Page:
Manager commentary - December 31, 2018

The weakness of global economic data was a cause for concern throughout 2018. European economic data weakened from January onward and the vulnerabilities of several emerging markets were pushed to the forefront in the months that followed.

The fourth quarter was marked by high volatility across all stock markets. The S&P 500 Index suffered a decline of nearly 15% over the quarter, erasing all gains made since the beginning of the year.

The most important factor affecting global financial markets over the year was probably monetary policy tightening by the U.S. Federal Reserve (Fed). The correction in the fourth quarter is a reminder of the impact that tightening liquidity conditions in financial markets can have on portfolio returns.

When the Fed raises its key rate, two phenomena are usually observed: 1) increased volatility in the markets and 2) stock market value, measured by the ratio of price to profit, contracts; that is, investors are willing to pay less to invest in markets despite an increase in corporate profits.

Further adding to uncertainty, trade tensions created by President Trump were omnipresent throughout the year. The renegotiation of the North American Free Trade Agreement (NAFTA) and, more recently, U.S.-China negotiations, took center-stage. At year-end, a truce seemed to have been achieved between the two superpowers, which agreed to speed up negotiations during the first quarter of 2019.

Moreover, several geopolitical risks made headlines throughout 2018, with North Korea, Iran, Brexit and Italian politics topping the list.

Finally, the meltdown of some emerging markets, such as Turkey and Argentina, added to market volatility. For the moment, it appears that these situations are isolated and the risk of contagion is low.

In Canada, growth in the third quarter of 2018 was disappointing, especially where corporate investments are concerned. In mid-October, the Bank of Canada published its Q3 Business Outlook Survey, which indicated a sharp increase in investment intentions despite the uncertainty surrounding NAFTA renegotiations. Recent data, however, shows that Canadian corporations have not yet concretized their intentions and have put new projects on hold.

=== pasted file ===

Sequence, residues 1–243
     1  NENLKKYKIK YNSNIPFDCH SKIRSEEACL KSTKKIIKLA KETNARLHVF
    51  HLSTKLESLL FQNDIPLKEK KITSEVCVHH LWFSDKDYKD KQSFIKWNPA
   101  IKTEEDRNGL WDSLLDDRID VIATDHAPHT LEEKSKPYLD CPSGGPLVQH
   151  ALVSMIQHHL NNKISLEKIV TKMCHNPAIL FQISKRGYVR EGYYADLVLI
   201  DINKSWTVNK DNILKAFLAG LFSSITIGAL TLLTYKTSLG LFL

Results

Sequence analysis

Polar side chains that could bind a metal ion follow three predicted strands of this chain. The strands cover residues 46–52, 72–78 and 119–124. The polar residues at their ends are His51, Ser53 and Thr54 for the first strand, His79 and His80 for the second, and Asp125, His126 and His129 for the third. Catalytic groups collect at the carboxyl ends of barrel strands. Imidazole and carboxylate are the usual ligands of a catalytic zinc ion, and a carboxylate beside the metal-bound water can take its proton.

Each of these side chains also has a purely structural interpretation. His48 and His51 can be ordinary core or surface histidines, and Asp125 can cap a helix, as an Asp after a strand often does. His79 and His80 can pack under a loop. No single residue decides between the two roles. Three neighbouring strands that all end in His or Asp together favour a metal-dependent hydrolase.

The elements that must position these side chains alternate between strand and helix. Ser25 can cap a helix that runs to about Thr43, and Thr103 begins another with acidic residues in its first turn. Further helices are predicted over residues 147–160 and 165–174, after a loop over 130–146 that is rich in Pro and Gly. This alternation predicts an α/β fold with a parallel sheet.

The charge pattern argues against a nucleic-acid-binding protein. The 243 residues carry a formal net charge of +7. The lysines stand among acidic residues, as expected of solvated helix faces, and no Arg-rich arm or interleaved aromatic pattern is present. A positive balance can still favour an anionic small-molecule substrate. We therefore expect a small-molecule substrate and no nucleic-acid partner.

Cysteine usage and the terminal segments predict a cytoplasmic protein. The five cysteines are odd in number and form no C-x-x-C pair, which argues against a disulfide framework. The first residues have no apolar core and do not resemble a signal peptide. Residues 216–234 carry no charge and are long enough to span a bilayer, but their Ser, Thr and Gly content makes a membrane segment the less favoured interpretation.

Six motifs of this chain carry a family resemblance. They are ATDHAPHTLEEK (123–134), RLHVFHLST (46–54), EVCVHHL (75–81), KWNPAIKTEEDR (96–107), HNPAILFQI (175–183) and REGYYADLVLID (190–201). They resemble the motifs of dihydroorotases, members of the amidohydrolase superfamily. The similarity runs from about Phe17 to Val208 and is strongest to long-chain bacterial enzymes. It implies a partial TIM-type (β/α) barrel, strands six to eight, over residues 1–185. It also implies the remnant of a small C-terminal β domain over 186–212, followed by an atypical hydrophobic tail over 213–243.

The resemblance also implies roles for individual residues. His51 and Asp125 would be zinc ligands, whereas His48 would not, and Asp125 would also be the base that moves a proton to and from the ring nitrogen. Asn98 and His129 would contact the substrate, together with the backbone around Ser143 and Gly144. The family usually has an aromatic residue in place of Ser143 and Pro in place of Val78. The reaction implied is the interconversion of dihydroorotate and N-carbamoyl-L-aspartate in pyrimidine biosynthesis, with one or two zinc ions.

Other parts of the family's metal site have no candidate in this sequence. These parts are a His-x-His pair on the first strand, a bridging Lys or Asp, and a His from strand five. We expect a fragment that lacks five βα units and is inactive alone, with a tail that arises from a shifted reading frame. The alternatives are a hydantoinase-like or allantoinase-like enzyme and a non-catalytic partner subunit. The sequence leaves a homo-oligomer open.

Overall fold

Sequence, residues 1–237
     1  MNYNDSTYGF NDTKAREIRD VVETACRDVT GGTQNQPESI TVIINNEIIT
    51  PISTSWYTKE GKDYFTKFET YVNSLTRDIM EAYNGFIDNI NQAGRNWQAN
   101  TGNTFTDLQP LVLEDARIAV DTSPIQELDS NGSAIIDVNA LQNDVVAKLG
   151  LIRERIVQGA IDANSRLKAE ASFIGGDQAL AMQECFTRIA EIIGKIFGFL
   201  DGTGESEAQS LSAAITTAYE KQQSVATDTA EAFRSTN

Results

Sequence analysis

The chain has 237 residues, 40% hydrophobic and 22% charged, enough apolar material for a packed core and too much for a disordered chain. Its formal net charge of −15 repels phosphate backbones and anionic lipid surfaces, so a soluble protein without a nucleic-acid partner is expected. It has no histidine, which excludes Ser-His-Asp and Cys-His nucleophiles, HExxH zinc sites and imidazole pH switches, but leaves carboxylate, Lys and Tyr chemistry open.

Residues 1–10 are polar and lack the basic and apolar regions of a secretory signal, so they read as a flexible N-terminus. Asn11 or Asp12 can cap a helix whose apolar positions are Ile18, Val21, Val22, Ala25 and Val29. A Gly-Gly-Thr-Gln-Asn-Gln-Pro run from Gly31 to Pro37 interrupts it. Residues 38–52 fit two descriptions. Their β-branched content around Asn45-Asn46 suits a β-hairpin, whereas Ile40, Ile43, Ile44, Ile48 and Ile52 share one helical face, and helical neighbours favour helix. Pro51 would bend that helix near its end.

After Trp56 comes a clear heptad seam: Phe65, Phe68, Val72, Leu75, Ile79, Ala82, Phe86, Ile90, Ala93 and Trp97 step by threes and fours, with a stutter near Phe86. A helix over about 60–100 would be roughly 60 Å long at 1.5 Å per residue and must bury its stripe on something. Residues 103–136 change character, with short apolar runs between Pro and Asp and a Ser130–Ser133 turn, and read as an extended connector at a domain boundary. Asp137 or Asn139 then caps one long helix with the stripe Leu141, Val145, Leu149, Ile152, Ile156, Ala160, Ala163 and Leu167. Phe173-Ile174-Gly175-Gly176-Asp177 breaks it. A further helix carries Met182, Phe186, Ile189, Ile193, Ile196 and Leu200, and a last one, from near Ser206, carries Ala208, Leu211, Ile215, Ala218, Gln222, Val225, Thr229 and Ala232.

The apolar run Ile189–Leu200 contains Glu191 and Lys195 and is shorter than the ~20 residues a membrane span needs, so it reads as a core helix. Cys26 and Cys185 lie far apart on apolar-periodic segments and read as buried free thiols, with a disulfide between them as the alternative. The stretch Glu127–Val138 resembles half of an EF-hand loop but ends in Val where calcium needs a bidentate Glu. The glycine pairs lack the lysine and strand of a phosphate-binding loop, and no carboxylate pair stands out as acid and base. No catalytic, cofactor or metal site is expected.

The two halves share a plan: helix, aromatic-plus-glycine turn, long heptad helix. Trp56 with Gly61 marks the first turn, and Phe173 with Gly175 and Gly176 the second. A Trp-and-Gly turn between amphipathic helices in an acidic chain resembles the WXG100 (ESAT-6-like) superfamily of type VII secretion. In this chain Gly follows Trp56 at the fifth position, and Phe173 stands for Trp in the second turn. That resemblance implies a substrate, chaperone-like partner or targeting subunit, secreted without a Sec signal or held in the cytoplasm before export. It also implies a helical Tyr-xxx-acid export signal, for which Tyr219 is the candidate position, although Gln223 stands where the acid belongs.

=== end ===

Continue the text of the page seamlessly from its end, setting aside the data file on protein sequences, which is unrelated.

A factor that probably contributed to the slowdown was weakness in Canadian oil prices. In fact, not only have oil prices been under severe pressure across the world in the fourth quarter (the price per barrel for American crude fell from $75 to $45 at the beginning of October), but the price per barrel of Western Canadian Select slid to around $13 in mid-November. The reason for this major price difference was the difficulty in transporting heavy Canadian crude to export destinations (mainly the U.S.) because pipeline capacity and rail transportation were lacking, leading to a stockpile in Alberta.

In the last quarter of the year, the Canadian bond market, represented by the FTSE Canada Universe Bond Index, posted a gain of 1.7% (1.4% in 2018). The FTSE Canada Short Term Bond Index posted a return of 1.4% (1.9% in 2018). Finally, the FTSE Canada Long Term Bond Index rose to 1.9% (0.3% in 2018).

The U.S. stock market, represented by the S&P 500 Index, had a total return of -13.5% in the fourth quarter (-8.6% in Canadian dollars). The Canadian stock market, represented by the S&P/TSX Composite Index, suffered a decline of 8.9%. For 2018, returns for North American stock markets were -4.4% for the S&P 500 (+4.2% in Canadian dollars) and -7.6% for the S&P/TSX.

The European market, represented by the MSCI Europe, posted a return of -11.2% in the fourth quarter and -10.6% in 2018 (-7.7% and -6.6%, respectively, in Canadian dollars) while the MSCI EAFE Index posted -12.2% for the quarter and -11.0% for 2018 (-7.6% and -6.0%, respectively, in Canadian dollars) and the MSCI World Index posted -13.1% during the quarter and -7.4% in 2018 (-8.5% and -0.5%, respectively, in Canadian dollars). Emerging markets, represented by the MSCI Emerging Markets Index, posted a return of -7.4% for the quarter and -9.7% in 2018 (-2.2% and -6.5%, respectively, in Canadian dollars).